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24 hours is a telling time in Trinidad, a D.C. neighborhood turning the corner

A blighted stretch of Bladensburg Road NE bordering the Trinidad neighborhood has begun to transform, thanks to the recent arrivals of the Capital City Diner, Sullivan's Southern Style Seafood, a mixed-use condo building and a bar called Jimmy Valentine's Lonely Hearts Club (which first staked a claim to the nascent commercial strip in 2007).

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Map of  Capital City Diner
Gene Thorp/The Washington Post
By Dan Zak
Washington Post Staff Writer
Tuesday, August 31, 2010

It gleams like a giant silver bullet lodged in the former site of a used-car lot, between a dumpy little liquor store and a rubbly, vacant property. It's a diner, that American symbol of both thriftiness and plenty, community and loneliness, where the well of coffee never runs dry, where you can eat alone and still feel part of something.

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Every city needs a utilitarian district where life is staged, where cabs are serviced, trash is compacted and sand and salt are heaped, and this is where there should be a diner. Nail salons, automotive shops and blighty storefronts line this stretch of Bladensburg Road NE between H Street and Mount Olivet Cemetery, on the eastern edge of the unkempt-but-quaint neighborhood of Trinidad. Hardly an oasis, Trinidad still smarts from a rash of homicides that prompted police checkpoints two years ago. At that time, on the 1100 block, a bar called Jimmy Valentine's Lonely Hearts Club had taken root where an income tax service used to be. Shortly thereafter, a new 18-unit condo building opened on L Street NE. Next, in September of last year, Sullivan's Southern Style Seafood set up shop in an empty former deli spot. And then the diner appeared in February.

Something is slowly coming together in this part of Ward 5, short stack by short stack, condo by condo, crab cake by crab cake, Pabst Blue Ribbon by Pabst Blue Ribbon. Here are 24 hours on a single block of a neighborhood on the verge.

The early shift

The pre-dawn sky is velvety. The new streetlamps on Bladensburg flood the rusty strip with honey-hued light. Crickets chirp in thickets of weeds. Morning glories strangle barbed wire. The O'Jays sing from a single speaker beside the Capital City Diner's steel-grated steps, where a man in a button-up chef uniform awaits the man with the key. He's staring past the condo building across the street -- the one with papered-over retail windows -- up a slope toward 17th Street NE, where he's lived all his life.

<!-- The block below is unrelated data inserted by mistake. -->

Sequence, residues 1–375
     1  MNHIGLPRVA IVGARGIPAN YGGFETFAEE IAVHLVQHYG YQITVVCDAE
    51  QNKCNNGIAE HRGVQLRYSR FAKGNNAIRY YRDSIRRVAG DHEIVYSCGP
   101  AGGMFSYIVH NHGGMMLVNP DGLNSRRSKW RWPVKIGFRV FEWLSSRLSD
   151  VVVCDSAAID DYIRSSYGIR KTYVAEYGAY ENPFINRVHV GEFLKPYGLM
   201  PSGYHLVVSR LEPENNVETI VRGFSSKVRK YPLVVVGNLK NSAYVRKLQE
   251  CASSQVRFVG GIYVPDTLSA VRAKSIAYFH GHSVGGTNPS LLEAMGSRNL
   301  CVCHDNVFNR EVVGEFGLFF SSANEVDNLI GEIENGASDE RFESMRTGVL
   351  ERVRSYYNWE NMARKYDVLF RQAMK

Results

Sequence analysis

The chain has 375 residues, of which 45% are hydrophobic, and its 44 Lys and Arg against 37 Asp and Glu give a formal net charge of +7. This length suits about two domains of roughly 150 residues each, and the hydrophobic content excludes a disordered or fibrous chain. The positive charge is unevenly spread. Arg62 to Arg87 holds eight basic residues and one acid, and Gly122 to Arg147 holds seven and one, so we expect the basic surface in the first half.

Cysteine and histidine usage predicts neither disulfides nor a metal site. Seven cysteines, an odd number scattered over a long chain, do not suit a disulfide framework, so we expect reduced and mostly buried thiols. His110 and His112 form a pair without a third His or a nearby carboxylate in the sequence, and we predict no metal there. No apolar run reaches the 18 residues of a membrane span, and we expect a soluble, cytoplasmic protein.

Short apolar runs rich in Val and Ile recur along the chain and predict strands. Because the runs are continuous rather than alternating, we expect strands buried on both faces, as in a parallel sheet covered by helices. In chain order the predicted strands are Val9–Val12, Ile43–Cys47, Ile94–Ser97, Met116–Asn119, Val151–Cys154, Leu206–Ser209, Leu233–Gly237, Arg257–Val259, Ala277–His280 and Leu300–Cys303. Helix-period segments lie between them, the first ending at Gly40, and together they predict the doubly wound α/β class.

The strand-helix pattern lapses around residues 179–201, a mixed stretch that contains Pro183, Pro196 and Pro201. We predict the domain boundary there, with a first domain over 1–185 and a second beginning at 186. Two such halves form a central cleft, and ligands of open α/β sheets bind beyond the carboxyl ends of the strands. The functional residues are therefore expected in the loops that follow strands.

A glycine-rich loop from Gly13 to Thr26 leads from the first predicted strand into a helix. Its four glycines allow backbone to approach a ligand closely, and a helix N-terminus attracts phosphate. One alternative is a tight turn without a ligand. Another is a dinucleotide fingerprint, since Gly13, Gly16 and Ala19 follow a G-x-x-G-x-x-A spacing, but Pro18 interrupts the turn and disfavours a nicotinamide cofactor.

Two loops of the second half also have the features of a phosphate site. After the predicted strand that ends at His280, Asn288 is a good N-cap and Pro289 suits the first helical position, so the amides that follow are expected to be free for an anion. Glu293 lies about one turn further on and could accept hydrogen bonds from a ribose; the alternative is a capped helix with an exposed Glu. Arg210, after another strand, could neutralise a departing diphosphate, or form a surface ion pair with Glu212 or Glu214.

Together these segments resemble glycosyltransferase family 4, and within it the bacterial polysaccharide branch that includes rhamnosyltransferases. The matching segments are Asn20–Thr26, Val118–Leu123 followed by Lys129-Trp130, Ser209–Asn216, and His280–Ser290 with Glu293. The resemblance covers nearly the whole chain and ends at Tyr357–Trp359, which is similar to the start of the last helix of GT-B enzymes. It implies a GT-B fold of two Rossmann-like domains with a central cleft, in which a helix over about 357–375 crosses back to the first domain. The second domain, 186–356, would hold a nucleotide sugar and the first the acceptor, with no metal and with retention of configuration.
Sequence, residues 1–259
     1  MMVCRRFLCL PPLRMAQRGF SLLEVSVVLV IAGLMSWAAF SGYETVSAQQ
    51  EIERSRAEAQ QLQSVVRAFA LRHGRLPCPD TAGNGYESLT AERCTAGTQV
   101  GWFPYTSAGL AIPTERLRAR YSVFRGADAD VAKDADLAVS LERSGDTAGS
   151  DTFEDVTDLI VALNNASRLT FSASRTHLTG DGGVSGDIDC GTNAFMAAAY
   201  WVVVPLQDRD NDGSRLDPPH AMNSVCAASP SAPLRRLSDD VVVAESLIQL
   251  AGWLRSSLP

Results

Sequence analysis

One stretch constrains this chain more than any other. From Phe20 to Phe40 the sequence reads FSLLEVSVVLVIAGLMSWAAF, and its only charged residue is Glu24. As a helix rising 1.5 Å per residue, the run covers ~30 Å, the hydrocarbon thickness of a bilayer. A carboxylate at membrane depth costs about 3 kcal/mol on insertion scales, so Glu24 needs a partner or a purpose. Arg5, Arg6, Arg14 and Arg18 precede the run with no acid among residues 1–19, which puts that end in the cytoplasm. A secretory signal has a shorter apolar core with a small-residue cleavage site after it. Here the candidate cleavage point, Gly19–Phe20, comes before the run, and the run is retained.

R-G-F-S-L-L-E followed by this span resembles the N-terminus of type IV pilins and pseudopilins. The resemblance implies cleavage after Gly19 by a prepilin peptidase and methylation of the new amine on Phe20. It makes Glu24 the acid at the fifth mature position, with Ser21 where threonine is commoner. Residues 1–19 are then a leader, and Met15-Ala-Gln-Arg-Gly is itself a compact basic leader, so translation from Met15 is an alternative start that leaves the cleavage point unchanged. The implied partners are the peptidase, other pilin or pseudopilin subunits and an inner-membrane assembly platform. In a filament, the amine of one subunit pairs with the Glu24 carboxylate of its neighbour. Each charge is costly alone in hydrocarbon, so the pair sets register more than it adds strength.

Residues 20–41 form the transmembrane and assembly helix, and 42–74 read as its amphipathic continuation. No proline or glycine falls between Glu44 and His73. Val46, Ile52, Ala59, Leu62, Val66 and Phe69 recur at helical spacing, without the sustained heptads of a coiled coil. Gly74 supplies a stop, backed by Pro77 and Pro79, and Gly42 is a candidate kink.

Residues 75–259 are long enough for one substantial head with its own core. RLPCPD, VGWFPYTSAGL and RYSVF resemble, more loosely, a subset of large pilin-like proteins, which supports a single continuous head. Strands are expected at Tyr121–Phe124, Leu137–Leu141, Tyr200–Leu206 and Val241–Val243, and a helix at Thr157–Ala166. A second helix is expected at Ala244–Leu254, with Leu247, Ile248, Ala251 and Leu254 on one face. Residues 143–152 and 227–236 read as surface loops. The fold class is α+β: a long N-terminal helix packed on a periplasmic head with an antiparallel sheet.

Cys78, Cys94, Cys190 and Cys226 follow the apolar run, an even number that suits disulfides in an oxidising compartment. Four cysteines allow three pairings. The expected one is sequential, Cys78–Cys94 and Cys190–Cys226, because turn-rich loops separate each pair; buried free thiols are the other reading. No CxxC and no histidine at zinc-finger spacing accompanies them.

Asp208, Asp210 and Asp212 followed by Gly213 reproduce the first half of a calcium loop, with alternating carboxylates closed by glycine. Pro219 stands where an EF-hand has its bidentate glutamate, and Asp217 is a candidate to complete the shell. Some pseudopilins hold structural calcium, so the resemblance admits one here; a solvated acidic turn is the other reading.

It's 5:37 a.m. Friday, and Charles Caldwell, 46, watches August slip away with the night.

Three minutes later, Matt Ashburn, 28, pulls up in his sport-utility vehicle and jumps back into his 107-hour workweek. He lives around the corner on Morse Street NE, bought the 1947 diner for $20,000 on eBay last year, shipped it down from New York, opened it after an aggravating permit process, and manages it before and after his day job as an analyst at the Justice Department.

Stubbled and sleepy, he unlocks the front door, flicks on the lights, and Caldwell follows him in. The young white entrepreneur from small-town Virginia and the black, middle-aged, ex-Marine cook go about the business of the business: turning the fryers on till they gurgle, unloading tubs of waffle mix from the antique Frigidaire, spritzing cleanser on the teal formica counter, brewing the first black drops of a stream of coffee that won't stop till 5 p.m. Sunday.

Mornings have been slow lately. Caldwell and Ashburn think it's because there was a massive drug bust -- crack cocaine, marijuana, PCP -- four blocks behind the diner last month.

"Business is down 15 percent," Ashburn says, darkly amused. "When did Girly get locked up?"

"About a month ago," Caldwell says, shaking his head, recalling the loud, middle-aged woman who had to be the center of attention whenever she walked in, who always ordered biscuits and gravy.

At 6 a.m., as a baby-blue haze spreads upward from the horizon, everyone's favorite waitress walks in. This is Gloria Rucker, 48, who's been waiting tables since her IHOP days in Winston-Salem, N.C., when she was 14 and had to hide her job from her father, a strict Methodist minister. She moved from Maryland to 16th Street NE for this job. She's assumed the role of den mother, all "sweetie" this and "honey" that as she scoots up and down the narrow stretch of floor between the five booths and 16 stools.

The first customer walks in at 6:14. His order, as written in loopy letters on a ticket, is "3/scheese/BAC/wwtst" (three scrambled eggs with cheese and bacon, and whole wheat toast).

CONTINUED     1              >

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